The perception of another is crucial to social cognition. Postulating that other people have minds like ours (or that we have minds like theirs) is the basis for communication. Theory of mind does not necessarily require vision or hearing to develop, but it is clearly facilitated by being able to see and hear another person.

The sense of another is perhaps related to our sense of the divine. As Sartre said, God may be “the concept of the other pushed to the limit.” We term this percept (or concept) of the Absolute Other the “numinous.” We can experience the numinous when we are in the presence of something or someone that transcends our normal understanding. Meditation and prayer are interactions between the human with the numinous. In many cases, people have described these in terms of being looked at or examined. Hans Urs von Balthasar describes prayer as submitting oneself to the gaze of God:

God’s gaze is not passive (otherwise it would not be a divine gaze); he does not merely ‘read off’ or ascertain: his gaze is creative, generative, originative, by his utterly free decree. ‘This is what, in my eyes, you are; this is what you mean; no other truth can have any validity but this, for me, for you, or for anyone else.’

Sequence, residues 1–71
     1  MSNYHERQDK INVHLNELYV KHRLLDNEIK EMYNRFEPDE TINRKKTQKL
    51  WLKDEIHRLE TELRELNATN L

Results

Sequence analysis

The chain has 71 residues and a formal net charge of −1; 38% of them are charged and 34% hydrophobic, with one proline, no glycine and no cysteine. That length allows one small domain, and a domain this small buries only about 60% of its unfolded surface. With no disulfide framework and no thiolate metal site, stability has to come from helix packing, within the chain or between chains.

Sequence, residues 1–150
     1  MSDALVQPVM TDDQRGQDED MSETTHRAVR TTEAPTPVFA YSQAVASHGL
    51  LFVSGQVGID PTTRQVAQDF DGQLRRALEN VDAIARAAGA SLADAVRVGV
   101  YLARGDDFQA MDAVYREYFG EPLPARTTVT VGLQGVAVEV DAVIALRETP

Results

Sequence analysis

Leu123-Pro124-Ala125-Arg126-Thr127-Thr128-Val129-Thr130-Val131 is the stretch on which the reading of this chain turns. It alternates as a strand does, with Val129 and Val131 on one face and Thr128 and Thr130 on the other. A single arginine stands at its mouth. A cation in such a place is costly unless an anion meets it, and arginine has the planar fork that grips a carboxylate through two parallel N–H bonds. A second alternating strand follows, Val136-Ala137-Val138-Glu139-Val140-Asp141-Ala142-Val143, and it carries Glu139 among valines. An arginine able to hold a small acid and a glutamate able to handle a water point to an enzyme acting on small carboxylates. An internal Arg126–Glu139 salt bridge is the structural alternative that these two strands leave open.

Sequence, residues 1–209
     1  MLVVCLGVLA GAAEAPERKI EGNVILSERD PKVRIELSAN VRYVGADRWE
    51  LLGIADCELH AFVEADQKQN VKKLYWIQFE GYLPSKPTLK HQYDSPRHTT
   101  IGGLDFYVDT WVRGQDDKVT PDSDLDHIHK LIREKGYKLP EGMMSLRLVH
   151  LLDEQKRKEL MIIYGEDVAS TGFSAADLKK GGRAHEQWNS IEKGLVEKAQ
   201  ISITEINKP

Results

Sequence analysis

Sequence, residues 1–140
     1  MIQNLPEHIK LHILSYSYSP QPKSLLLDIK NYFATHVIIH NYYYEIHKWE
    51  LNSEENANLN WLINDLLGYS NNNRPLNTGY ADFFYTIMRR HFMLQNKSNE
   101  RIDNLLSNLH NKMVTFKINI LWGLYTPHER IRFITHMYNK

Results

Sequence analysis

This then may in part explain our fascination with the Charioteer of Delphi. We have become objects of a divine gaze. The human brain has a way of thinking that lets us see ourselves as we might be seen from a distant and objective viewpoint. Seen by an athlete at an ancient games, or by the god that was his patron. Examined sub specie aeternitatis – under the aspect of eternity.

 

Allison, T., Puce, A., & McCarthy, G. (2000). Social perception from visual cues: role of the STS region. Trends in Cognitive Science, 4, 267–278.